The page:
individual persons in many areas.” (6) Thus on one side “Big Brother” remains anonymous. On the other side, people submit to “the economy” not only from their own free will since modern advertising works with far more sophisticated methods than the old propaganda. Given this fact, how can the mega-machine be attacked “politically”? The traditional answer in the leftist-radical tradition is that “Capitalism is responsible for all the blockades and all powerlessness.” Thus is growth withdrawal possible without abolishing capitalism? (7) Every attempted answer must watch out for dogmatism so we do not misjudge the real obstacles. The Wuppertal Institute plays through a whole series of win-win situations for the relation of nature and capital, for example the negawatt scenario that reduces energy consumption one-quarter. With earmarked taxes, norms, reimbursements, incentives and subsidies, desired behavior patters could be promoted and waste avoided in many areas. As an example, Germany has good experiences with a state building promotion that calculates its grants by the energy efficiency of the building, not by the construction costs. For some consumer goods – photocopiers, refrigerators and cars – acquisition through purchase could be replaced by rental contracts and constant new production through recycling. But can the “boomerang effect” be avoided, that is can the increased material end-consumption be stopped? This is completely uncertain. An eco-compatible capitalism is theoretically conceivable but practically unrealistic. Strict regulatory measures would be necessary to slightly reduce the ecological footprint. The market economy dominated by transnational corporations would in no case move toward eco-capitalism. The anonymous-functionalist dividend machines would not get rid of their predatory conduct without pressure. Even entrepreneurs who support the goal of social self-regulation lack power to force this perspective. The large majority only focuses on the short-term maximization of the market value. An authority capable of social self-regulation – whether state, nation, union, non-governmental organization or the United Nations – would have to be very powerful to redefine the social rules of the game, that is “reconstitute” the society. Certain state limitations of economic power as were effective in times of KeynesianFordist and social-democratic regulation would be conceivable and desirable. However the concept of class struggle does not seem appropriate because capital has not only won this class struggle but practically dominates all economic activity. We witness the last days of the western working class and accept this fact powerlessly and indifferently. The “total commercialization” of the world has triumphed. Generalized capitalism cannot do anything other than ruin the earth and society since the basic invisible principles of the market society are boundlessness and unbridled rule. Thus a society of growth withdrawal is inconceivable without abolition of capitalism. “Capitalism” describes an historical development structured in a very complex way. An elimination of capitalists, the prohibition of private ownership of the means of production and abolition of paid work or money would plunge society into chaos and conjure a reign of terror without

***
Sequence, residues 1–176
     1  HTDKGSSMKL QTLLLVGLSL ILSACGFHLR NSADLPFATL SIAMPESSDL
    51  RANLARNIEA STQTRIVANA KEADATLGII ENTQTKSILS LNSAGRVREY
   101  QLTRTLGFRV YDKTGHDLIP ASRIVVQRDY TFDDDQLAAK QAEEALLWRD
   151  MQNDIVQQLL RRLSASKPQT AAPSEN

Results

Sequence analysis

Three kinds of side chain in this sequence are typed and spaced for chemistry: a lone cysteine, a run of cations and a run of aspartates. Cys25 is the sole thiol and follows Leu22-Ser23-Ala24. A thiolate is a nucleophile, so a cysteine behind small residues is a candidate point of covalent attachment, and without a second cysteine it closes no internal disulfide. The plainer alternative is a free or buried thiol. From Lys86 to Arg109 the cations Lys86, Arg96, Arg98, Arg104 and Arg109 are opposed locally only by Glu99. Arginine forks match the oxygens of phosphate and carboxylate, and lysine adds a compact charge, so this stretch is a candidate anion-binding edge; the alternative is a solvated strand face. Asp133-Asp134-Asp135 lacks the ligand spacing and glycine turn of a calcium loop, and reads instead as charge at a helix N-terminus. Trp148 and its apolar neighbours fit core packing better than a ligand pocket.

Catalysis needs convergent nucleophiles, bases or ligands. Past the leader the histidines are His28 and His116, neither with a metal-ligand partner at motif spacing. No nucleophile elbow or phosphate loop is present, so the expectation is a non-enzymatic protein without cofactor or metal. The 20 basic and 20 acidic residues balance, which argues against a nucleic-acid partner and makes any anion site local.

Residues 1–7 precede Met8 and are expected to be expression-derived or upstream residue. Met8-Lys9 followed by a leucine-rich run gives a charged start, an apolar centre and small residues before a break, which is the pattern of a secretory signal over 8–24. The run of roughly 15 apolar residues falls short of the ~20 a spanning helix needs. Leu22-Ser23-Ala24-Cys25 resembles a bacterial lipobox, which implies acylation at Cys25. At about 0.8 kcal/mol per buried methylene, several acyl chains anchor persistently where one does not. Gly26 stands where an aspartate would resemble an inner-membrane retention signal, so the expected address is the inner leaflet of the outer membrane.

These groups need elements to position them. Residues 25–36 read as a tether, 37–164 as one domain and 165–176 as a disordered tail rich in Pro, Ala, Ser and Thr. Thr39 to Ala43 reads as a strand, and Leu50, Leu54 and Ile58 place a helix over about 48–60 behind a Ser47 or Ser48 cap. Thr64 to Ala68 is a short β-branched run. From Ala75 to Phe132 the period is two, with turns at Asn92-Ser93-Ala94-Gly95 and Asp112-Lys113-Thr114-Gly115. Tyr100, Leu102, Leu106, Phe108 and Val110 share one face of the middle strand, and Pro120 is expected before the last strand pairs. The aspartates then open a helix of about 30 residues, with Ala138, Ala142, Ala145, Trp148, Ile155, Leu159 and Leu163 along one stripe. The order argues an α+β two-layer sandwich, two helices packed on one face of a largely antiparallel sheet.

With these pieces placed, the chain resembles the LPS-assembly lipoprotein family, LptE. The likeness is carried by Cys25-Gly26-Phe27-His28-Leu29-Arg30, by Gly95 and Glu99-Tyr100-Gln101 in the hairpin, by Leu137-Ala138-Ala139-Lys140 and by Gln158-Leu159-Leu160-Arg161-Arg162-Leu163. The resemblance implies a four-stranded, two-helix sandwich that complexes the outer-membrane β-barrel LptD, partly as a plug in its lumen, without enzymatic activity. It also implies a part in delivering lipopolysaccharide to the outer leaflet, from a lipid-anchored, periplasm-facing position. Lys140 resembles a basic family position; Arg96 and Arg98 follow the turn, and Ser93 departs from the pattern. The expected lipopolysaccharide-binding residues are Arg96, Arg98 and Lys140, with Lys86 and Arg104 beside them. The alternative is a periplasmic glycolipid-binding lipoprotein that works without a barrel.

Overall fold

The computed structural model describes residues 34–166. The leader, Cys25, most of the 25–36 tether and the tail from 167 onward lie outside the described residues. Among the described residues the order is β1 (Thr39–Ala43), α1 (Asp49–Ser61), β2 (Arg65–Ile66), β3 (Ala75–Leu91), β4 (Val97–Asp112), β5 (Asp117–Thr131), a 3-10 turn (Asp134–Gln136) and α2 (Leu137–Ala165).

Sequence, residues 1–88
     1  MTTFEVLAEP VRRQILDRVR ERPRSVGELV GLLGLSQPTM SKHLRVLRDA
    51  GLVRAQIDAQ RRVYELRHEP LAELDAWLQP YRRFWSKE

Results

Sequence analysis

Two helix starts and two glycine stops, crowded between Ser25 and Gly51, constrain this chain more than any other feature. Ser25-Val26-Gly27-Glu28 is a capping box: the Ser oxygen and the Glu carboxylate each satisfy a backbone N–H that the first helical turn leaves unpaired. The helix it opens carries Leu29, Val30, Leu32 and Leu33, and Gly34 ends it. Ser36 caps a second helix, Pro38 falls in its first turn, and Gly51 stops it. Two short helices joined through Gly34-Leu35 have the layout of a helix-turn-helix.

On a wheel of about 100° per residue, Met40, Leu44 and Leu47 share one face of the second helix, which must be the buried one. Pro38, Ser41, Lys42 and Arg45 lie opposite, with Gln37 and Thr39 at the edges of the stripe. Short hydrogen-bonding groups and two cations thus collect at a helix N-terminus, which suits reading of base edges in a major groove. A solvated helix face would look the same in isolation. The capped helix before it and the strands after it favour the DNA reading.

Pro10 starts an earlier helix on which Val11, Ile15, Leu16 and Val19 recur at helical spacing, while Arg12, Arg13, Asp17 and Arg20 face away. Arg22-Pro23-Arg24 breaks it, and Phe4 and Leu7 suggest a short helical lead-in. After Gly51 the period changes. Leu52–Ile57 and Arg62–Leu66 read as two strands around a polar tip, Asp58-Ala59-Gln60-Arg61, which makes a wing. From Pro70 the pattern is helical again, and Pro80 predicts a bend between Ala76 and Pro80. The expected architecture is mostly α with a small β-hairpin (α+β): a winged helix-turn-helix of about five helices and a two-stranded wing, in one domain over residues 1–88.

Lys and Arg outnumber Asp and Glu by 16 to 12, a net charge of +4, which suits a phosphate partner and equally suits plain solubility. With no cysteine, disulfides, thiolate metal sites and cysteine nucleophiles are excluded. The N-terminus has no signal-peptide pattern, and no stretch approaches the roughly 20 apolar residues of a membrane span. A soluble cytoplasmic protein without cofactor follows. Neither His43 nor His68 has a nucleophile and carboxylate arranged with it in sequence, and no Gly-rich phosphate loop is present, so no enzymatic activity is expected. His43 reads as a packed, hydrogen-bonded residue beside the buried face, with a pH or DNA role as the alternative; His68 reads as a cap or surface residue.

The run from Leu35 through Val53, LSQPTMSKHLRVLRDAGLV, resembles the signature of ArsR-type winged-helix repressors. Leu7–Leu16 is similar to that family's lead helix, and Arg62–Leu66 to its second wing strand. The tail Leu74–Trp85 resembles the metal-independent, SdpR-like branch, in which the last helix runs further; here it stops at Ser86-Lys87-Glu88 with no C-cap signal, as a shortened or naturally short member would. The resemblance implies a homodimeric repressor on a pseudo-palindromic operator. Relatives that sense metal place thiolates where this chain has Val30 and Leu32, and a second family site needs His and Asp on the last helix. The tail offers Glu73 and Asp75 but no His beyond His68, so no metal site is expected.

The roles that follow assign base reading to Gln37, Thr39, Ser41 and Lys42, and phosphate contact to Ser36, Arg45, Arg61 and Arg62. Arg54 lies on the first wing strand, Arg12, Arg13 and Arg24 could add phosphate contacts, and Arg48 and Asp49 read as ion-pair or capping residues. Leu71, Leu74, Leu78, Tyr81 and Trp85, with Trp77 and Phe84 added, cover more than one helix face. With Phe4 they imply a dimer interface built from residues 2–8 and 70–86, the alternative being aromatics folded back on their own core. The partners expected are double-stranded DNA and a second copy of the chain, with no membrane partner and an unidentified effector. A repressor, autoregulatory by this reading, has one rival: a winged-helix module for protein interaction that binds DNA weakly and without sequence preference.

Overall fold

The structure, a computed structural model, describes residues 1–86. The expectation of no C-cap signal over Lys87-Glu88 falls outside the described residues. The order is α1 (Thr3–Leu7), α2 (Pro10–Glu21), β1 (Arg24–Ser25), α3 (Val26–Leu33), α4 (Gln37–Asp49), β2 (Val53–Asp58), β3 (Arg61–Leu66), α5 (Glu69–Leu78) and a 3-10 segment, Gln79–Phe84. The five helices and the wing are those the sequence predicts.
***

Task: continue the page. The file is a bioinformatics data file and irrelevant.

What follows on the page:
annulling the invisible market. A way out of the trap of development, economy and growth does not necessitate renouncing on all social institutions that were monopolized by the economy (money, markets and paid work). Rather binding these institutions in another logic is vital. WHAT SHOULD BE DONE – REFORM OR REVOLUTION? A dynamic of growth withdrawal could be initiated through a few simple and seemingly harmless measures. (8) A reformist transition program need only draw the conclusion from this diagnosis suggested by common sense. For example, we must reduce the ecological footprint and refer material production back to the level of the 1960s. We must include the transportation costs in prices, shorten the steams of goods, revive rural agriculture, further the “production” of communication goods, reduce by a quarter the wasteful consumption of energy and strongly lessen advertising spending. Finally, we need a moratorium on technological innovations, a serious inventory of attained progress and reconsideration of scientific and technical research. The correct inclusion of “external costs” caused by individuals and paid by society is in the center of this program. The goal of growth withdrawal can already be reached approximately, orthodox economics agrees. All ecological and social disturbances must be blamed on the responsible businesses according to the causation principle. “Internalizing” the costs for transportation, education, security and unemployment would change very drastically the functioning of our societies. A “reform program” formulated by the liberal economist Arthur Cecil Pigou at the beginning of the 20th century could trigger a revolution. This would largely take the wind from the sails of businesses that follow the capitalist logic. Today no insurance company will take any risks from nuclear e3nergy, climate change and genetically modified organisms. If industry were obligated to cover the risks caused by its activities in health, social and aesthetic regards, industry might not produce profitably any more. The system would be blocked immediately. Isn’t this any other evidence that there must be away out, that we need a practical strategy of transition to an alternative society? Thus the political program of growth withdrawal is a paradoxical undertaking because realistic and sensible proposals have hardly any chance of being accepted, let alone realized, without a total subversion of society, without the realization of the utopia of an alternative society. However building an alternative society requires infinitely complex and detailed measures that Marx constantly rejected because he dismissed recipes for the future. The question what should come out of the mega-businesses is a good example. How large should they be, how great should their sales be and how large their personnel? How should technical macro-systems function in small production units? Should certain economic activities and production processes be prohibited altogether? (9)